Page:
US Democratic Senators Urge Biden To Take ‘Strong Diplomatic Action’ Against India

A group of Democratic senators on Monday sought a “strong diplomatic” response from the Biden administration in the case pertaining to the allegations of the Indian government’s involvement in a plot to assassinate a Sikh separatist in US.

In a two-page letter addressed to Secretary of State Antony Blinken, the senators wrote, “We urge a strong diplomatic response to ensure that all of those who were involved are held accountable, and request a briefing on the status of the administration’s engagement with the Indian government on this matter”.

The letter was signed by Senators Jeff Merkley, Ron Wyden, Tim Kaine, Bernie Sanders, and Chris Van Hollen. It comes at a time when Nikhil Gupta, the Indian national who is accused of being involved in a murder-for-hire plot against a Sikh extremist on American soil, pleaded not guilty in the case at a federal court on Monday.

The 52-year-old accused was extradited on Friday from the Czech Republic to the US. Gupta was apprehended in the Czech Republic in 2023 at the request of the US government as he was charged for his involvement in a plot to assassinate Gurpatwant Singh Pannun, a Khalistani separatist, in New York. Pannun holds dual American and Canadian citizenship.

Gupta was produced before a federal court in New York on Monday, where he pleaded not guilty, according to his attorney, Jeffrey Chabrowe. US federal prosecutors allege that Gupta had been working according to the directions of an unnamed Indian government official.

New Delhi has, however, denied its involvement in such a case and has instituted a high-level investigation into the allegations. The senators emphasised that India must maintain its commitment to respecting human rights at home and abroad as it aspires to global leadership.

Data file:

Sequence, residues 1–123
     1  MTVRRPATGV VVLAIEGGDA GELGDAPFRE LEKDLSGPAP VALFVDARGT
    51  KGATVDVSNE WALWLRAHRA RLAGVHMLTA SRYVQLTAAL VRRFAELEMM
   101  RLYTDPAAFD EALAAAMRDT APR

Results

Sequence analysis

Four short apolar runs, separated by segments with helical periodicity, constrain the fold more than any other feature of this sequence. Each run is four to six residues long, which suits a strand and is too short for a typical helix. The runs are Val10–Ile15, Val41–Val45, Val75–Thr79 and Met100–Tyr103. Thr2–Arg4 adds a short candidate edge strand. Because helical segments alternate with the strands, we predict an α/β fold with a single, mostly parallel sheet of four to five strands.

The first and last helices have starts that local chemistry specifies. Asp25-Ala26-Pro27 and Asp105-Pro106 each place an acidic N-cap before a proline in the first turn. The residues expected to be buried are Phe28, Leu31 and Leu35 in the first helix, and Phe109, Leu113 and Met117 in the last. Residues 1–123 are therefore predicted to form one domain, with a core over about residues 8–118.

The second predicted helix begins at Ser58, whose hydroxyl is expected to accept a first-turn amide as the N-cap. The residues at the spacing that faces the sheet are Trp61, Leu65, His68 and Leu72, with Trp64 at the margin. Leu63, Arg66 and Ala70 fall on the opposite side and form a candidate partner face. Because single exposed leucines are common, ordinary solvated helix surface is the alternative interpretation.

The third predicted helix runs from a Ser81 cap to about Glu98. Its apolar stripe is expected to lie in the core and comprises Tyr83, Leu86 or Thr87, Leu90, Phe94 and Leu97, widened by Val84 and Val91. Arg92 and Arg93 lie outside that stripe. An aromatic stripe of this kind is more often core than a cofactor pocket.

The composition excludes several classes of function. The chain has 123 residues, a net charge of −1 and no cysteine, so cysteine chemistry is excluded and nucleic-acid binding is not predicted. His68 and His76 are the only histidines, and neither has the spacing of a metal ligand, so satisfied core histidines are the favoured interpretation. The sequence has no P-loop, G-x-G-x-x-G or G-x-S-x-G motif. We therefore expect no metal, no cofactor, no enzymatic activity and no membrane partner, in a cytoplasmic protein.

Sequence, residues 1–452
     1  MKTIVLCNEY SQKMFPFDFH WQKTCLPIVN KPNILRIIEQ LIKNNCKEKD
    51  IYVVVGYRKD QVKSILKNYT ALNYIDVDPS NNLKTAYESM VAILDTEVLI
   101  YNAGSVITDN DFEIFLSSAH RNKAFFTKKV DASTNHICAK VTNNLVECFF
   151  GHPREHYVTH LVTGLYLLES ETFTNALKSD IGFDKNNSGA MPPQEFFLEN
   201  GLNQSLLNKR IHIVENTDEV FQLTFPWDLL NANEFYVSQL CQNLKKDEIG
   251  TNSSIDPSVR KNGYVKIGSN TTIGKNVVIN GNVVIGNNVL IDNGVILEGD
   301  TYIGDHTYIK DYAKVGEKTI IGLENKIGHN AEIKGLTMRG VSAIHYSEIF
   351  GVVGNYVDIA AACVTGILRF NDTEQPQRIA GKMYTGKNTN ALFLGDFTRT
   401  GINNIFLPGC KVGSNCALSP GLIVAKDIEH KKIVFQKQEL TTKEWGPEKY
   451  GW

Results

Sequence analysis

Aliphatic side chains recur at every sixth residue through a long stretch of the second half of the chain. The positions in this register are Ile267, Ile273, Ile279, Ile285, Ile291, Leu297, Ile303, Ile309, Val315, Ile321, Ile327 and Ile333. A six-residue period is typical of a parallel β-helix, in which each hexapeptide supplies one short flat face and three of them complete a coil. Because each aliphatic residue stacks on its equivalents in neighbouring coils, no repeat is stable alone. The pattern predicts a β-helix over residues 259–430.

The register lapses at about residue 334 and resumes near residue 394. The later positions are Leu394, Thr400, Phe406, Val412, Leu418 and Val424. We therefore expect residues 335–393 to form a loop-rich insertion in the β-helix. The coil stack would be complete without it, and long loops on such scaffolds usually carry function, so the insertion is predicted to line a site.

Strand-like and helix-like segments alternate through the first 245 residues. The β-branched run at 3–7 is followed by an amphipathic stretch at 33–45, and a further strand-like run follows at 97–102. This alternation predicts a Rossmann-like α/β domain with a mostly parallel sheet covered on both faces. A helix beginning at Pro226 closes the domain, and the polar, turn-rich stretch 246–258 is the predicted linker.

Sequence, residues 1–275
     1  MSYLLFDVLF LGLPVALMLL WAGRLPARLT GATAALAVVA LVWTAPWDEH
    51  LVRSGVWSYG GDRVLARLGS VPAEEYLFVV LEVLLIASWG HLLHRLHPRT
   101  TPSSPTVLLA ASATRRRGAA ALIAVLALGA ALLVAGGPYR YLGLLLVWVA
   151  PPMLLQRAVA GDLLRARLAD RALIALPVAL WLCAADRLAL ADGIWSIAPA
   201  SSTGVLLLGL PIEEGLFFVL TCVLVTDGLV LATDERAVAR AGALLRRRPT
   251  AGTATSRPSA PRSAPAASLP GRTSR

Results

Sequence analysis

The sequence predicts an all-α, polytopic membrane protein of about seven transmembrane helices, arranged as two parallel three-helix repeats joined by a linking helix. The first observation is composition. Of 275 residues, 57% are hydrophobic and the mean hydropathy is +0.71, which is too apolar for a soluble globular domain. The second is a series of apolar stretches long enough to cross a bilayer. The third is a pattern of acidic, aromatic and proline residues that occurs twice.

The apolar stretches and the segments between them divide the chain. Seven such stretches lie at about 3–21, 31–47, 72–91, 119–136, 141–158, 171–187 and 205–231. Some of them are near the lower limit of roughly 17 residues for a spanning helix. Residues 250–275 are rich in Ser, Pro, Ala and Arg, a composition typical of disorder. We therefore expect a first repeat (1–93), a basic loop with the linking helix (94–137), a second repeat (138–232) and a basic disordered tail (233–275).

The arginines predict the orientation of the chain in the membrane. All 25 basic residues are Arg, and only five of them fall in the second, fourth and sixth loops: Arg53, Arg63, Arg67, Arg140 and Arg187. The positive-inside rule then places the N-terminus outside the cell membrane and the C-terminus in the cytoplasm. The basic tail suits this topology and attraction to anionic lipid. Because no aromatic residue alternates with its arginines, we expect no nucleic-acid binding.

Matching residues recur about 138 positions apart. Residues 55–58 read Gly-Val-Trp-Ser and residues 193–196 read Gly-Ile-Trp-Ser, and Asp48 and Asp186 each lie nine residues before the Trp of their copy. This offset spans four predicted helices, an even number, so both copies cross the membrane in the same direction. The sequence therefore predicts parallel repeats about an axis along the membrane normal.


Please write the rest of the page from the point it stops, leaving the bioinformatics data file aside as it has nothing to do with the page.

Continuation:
“Now that India’s 2024 general election has concluded, with the ruling Bharatiya Janata Party and Prime Minister (Narendra) Modi returning to power, the United States has an opportunity to include this issue as a core agenda item with the Indian government,” the letter read. “The United States must be firm and resolute in opposing transnational repression, no matter the perpetrator,” it stated.

The senators wrote that Washington and New Delhi share a crucial relationship across multiple domains – from security cooperation to trade and investment to strong cultural and people-to-people ties.

“As the two largest democracies in the world, this partnership must not only be based on mutual strategic interests but also grounded in a shared commitment to democratic principles and the rule of law, including respect for sovereignty and the individual rights and freedoms that are fundamental to any democracy,” they said.

The Washington Post in April 2024 reported that Vikram Yadav, a Research and Analysis Wing (R&AW) officer, was the Indian official behind the plot. The leading daily also said the then R&AW chief Samant Goel sanctioned the operation.

India’s Ministry of External Affairs, however, dismissed the report, saying it makes “unwarranted and unsubstantiated imputations” to claim that Indian agents were involved in the plot to kill Pannun.

On March 20, Assistant Secretary of State Donald Lu told the House Foreign Affairs Committee that the Biden Administration has raised the plot “at the highest levels with India” and, referencing the panel, affirmed, “We ask them to work quickly and transparently to make sure justice is done,” the letter said.

The senators said they wanted the Department of State to press the India to hold those involved criminally accountable and to ensure the Indian government does not repeat such acts of transnational repression, as per the letter. India has publicly said a high-level inquiry is looking into the evidence shared by the US in the alleged plot to kill Pannun.

Meanwhile on Monday, the US National Security Advisor Jake Sullivan held talks with his Indian counterpart Ajit K Doval. Sullivan is on an official visit to India from June 17 to 18.

Leave a Comment